Breast Cancer Awareness Month proves power of education


Maya Maldonado (7) receives breast cancer awareness ribbon on college visit to Texas State. Photo by Sarah Walker.

Maya Maldonado (7) holds breast cancer awareness ribbon while on college visit to Texas State. Photo by Sarah Walker.

Pink ribbons have glossed across the screens of televisions nationwide as the United States watches football. The White House was lit up pink on October the first. The Eiffel Tower sported a pink hue on September 28 and numerous high school sports teams across the nation have been wearing pink ribbons, bows, and socks. This is all for National Breast Cancer Awareness Month (NBCAM).

In 1985 The American Cancer Society coined October NBCAM. October became dedicated to eliminating the taboo on breast cancer and encouraging women to get screened. Breast cancer is the most common cancer in women, nearly 12% of women get it, and for a long time no one spoke of it.

Since 1990, five years after October became NBCAM, the incidence rate of breast cancer has gone up, while the mortality rates of breast cancer have gone down by 34%. The incidence rates have gone up because more women have gotten screened and diagnosed. However, the mortality rate has gone down because when breast cancer is caught in its early stages it is much easier to treat.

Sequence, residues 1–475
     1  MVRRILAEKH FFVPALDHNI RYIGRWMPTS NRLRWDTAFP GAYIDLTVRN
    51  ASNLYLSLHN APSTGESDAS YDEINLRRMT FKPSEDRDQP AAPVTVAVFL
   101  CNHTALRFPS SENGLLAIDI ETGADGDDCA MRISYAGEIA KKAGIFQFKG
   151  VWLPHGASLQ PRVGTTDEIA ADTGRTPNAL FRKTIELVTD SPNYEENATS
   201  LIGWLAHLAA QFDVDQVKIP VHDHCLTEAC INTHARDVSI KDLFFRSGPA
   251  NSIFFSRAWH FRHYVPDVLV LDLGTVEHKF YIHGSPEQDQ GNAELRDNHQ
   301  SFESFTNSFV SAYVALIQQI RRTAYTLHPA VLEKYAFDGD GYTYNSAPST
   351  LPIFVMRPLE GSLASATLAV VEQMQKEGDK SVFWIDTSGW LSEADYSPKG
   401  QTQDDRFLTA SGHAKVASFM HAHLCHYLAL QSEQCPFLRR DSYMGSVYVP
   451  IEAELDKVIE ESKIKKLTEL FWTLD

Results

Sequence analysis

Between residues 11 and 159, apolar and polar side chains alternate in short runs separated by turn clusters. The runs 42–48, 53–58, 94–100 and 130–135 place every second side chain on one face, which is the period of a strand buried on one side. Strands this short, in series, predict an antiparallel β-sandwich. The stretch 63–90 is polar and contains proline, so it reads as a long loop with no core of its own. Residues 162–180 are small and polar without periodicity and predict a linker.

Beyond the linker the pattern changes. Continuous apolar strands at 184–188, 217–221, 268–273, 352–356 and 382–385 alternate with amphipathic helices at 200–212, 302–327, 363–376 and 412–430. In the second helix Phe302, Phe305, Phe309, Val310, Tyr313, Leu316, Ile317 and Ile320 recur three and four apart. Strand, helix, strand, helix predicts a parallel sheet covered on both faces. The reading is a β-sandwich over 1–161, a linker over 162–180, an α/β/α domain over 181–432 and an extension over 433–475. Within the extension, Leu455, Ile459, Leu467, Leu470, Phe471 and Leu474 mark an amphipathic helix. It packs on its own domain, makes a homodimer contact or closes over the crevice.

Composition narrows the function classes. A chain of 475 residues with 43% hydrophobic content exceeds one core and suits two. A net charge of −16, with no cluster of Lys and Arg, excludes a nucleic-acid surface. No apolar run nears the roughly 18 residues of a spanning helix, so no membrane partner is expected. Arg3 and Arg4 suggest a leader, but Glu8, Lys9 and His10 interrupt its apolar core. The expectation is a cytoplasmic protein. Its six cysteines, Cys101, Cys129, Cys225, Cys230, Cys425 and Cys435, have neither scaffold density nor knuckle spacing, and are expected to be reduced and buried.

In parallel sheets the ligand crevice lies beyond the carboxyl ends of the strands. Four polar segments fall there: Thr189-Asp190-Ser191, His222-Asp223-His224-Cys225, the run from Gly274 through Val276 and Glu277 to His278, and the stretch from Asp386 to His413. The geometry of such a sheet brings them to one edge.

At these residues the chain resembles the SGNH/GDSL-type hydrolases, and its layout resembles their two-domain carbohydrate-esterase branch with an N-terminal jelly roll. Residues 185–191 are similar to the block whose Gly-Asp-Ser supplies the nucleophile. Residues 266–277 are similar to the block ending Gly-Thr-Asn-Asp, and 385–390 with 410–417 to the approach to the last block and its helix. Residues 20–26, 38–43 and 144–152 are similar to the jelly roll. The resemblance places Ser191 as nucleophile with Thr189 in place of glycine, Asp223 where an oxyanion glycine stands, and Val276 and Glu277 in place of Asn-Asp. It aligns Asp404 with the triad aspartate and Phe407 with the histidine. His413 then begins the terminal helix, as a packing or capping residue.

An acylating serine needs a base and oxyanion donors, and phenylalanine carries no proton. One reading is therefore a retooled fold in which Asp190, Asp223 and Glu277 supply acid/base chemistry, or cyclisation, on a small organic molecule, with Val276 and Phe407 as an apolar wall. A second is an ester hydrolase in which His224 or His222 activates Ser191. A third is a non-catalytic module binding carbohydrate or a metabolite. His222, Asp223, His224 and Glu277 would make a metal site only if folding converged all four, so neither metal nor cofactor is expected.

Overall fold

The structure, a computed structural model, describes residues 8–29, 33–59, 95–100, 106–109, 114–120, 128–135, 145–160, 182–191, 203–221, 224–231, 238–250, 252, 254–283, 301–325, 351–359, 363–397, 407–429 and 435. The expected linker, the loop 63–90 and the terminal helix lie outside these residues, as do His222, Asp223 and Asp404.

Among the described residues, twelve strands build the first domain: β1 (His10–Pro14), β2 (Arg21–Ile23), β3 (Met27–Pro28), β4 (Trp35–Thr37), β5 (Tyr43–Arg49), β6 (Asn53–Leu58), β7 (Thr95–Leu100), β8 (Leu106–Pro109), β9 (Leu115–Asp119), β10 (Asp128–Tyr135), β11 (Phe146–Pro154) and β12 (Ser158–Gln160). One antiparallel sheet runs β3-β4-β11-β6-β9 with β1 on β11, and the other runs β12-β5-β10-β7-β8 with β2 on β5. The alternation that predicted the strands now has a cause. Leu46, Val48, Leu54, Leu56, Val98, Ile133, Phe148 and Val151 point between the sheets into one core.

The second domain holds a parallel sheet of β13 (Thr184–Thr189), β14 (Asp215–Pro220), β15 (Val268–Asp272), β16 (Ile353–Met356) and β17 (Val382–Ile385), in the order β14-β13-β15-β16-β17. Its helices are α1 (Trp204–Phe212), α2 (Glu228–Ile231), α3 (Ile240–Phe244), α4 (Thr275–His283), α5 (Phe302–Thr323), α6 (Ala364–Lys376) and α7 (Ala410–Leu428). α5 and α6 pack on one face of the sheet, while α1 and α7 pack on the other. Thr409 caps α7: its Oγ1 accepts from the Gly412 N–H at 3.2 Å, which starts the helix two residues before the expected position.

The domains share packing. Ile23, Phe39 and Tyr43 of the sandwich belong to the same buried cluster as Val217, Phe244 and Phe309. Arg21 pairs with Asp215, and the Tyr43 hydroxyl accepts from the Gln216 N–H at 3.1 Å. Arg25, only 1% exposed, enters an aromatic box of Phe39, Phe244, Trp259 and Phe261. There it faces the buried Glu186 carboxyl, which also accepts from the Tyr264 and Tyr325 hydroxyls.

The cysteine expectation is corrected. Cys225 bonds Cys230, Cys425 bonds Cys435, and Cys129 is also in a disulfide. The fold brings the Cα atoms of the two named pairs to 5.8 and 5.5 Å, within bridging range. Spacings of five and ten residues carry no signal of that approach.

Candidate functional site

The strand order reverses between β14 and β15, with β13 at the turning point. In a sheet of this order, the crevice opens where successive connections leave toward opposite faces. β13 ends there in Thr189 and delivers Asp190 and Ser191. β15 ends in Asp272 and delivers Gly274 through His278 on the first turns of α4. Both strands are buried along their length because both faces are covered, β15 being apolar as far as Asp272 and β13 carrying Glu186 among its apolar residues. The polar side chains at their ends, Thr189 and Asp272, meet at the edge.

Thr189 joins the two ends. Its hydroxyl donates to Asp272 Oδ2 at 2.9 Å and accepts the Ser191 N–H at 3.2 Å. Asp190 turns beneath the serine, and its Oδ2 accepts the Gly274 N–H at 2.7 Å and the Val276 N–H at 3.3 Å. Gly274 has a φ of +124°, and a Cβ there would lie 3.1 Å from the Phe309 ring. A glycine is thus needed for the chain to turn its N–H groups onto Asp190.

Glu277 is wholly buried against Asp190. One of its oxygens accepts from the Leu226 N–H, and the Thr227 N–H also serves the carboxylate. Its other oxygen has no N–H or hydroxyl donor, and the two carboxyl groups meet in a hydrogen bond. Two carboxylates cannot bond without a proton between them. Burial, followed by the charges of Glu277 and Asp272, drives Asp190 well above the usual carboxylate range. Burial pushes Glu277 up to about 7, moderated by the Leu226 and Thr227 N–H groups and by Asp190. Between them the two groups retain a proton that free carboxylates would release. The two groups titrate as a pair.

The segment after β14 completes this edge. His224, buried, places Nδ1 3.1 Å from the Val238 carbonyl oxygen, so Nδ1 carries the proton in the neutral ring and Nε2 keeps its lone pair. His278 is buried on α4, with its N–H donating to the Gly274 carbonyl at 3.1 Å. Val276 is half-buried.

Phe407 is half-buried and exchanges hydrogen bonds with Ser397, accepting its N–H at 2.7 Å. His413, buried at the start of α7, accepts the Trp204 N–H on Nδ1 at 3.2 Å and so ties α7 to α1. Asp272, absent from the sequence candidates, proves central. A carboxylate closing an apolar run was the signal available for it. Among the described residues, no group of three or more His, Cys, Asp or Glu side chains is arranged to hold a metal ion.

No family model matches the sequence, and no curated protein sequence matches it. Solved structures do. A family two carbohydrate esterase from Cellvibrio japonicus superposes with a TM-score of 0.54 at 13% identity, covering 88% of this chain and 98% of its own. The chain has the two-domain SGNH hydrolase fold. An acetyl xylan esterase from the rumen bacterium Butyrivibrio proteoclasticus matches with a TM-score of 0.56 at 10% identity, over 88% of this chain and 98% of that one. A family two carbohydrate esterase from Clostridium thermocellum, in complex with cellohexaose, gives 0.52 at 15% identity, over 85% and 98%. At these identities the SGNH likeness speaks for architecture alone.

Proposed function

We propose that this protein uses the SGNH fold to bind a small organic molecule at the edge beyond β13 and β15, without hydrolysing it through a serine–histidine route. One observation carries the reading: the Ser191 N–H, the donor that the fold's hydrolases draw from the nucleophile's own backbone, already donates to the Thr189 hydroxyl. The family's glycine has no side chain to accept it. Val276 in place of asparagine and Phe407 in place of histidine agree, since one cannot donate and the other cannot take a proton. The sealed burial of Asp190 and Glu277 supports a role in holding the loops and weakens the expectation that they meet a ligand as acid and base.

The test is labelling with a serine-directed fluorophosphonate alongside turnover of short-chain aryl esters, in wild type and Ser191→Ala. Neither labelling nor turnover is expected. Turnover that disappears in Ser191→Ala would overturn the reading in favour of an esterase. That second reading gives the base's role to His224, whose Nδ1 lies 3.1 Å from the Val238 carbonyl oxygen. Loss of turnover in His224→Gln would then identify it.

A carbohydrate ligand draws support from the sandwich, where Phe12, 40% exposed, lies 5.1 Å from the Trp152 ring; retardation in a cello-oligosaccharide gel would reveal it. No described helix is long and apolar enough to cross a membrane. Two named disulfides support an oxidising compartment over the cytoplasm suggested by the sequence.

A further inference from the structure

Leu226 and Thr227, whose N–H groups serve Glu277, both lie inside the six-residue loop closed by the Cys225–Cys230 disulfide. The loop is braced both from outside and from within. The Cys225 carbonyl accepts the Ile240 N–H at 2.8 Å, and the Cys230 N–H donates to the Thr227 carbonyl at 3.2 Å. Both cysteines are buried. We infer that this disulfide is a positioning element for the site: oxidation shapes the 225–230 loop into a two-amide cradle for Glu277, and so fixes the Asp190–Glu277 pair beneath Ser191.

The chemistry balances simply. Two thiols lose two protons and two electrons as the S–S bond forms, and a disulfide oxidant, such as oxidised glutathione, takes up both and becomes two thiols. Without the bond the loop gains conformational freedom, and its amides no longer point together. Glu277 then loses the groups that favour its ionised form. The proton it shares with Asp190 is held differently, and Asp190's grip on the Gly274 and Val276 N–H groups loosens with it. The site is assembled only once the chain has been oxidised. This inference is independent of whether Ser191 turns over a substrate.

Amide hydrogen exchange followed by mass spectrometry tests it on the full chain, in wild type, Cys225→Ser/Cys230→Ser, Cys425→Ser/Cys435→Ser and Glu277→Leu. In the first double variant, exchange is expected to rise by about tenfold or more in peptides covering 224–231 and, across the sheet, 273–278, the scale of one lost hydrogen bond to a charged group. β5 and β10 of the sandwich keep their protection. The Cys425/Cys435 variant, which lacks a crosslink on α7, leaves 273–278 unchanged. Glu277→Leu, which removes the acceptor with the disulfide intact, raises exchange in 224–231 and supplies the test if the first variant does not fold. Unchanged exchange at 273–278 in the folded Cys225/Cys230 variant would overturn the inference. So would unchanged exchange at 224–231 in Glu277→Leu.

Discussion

These numbers show that when awareness is raised about a taboo issue, people eliminate the scandal factor surrounding the problem and work to make positive change.

Right now 25% of women experience domestic violence. Many women don’t speak up because they think the abuse they experience is their fault–they chose the wrong person and so the abuse they experience is their responsibility. Domestic violence accounts for 6% of homelessness nationwide (people move out to escape their abusive partner) and 15% of all violent crime happens between intimate partners. If there was a national campaign that encouraged women to speak up and forgive themselves like there is for breast cancer, I think that homelessness and crime would go down.

Additionally, the three states with the highest incidence rate of teen pregnancy include New Mexico, Mississippi and Texas. These states either provide sex education that isn’t required to be medically correct, or sex ed that focuses on abstinence-only methods. If the students in these states were better educated, I believe the teen pregnancy numbers would plummet.

Breast cancer awareness month is a national campaign that demonstrates the power of education and awareness. When people aren’t afraid of speaking about “taboo” issues, whether that be breast cancer, domestic violence, or sex, the issues that come with these problems can often be eliminated.